Geese crowded along campus walkwayThere are usually a lot of geese on campus at this time of year, says biology professor Dan Mennill.

Geese flocking to fill campus niche?

With the University mostly emptied of people, those remaining say its grounds are being filled by an equally opportunistic species — Canada geese.

Their calls echo from rooftops, but ornithologist Dan Mennill says their abundance may be an illusion.

“I doubt that there are more geese than usual on campus,” he says. “Instead, I expect that there’s the same number of geese, but they’re more visible because there are fewer people around and because the geese are spending more time on the ground rather than on the roofs of our buildings.”

A biology professor, Dr. Mennill is an expert in avian vocalizations. He notes that Canada geese produce 13 different types of calls, many of them subtle variations on the typical “honk” associated with the species. They serve different functions, from initiating flight or leading a flock to defending territories.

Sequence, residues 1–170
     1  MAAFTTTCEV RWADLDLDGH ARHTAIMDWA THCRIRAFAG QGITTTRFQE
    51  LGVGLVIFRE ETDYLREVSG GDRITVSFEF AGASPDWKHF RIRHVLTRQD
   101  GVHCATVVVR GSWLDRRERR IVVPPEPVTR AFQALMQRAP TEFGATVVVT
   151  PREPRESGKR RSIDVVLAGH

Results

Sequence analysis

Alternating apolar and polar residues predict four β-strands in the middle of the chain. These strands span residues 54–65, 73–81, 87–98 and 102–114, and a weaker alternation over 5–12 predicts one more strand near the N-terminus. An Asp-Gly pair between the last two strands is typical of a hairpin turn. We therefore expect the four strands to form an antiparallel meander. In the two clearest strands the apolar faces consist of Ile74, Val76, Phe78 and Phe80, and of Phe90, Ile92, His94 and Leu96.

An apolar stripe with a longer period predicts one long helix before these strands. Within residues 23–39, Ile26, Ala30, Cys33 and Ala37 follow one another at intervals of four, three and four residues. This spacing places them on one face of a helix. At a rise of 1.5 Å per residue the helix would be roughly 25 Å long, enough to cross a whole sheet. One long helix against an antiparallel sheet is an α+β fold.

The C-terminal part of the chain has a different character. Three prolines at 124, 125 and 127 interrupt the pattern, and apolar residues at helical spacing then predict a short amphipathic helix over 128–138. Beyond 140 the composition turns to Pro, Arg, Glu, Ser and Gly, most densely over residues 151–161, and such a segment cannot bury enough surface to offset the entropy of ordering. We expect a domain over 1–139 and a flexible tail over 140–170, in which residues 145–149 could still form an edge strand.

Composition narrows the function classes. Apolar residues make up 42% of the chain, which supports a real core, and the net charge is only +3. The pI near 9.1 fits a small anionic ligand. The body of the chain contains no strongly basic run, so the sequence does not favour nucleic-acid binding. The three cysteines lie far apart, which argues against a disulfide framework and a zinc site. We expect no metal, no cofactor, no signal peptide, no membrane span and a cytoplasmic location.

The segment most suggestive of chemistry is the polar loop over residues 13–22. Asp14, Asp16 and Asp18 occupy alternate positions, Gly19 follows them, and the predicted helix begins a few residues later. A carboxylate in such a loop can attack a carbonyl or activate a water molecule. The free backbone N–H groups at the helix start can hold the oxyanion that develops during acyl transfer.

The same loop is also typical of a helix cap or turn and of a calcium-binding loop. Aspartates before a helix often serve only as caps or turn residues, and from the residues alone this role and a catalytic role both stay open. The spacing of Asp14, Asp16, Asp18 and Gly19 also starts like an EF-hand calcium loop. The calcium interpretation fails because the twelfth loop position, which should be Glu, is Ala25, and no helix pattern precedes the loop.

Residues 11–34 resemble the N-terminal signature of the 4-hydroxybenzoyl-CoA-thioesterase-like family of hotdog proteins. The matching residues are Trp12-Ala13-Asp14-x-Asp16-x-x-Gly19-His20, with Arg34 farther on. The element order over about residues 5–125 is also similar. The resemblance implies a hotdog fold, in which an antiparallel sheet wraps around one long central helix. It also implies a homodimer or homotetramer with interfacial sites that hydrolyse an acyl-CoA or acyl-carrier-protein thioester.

“When someone gets too close, a goose will hiss and thrust their neck forward — it is usually enough to scare a human away!” he says. “At this time of year, we should see more and more geese in breeding pairs. It is safe to watch them. Just give them a little distance as they forage on the grass on campus.”

He directs readers interested in learning more about Canada geese to Birds of the World, accessible through the Leddy Library with a UWin login.

“We should consider ourselves lucky, that we have an opportunity to observe wildlife sharing campus with us!” says Mennill.

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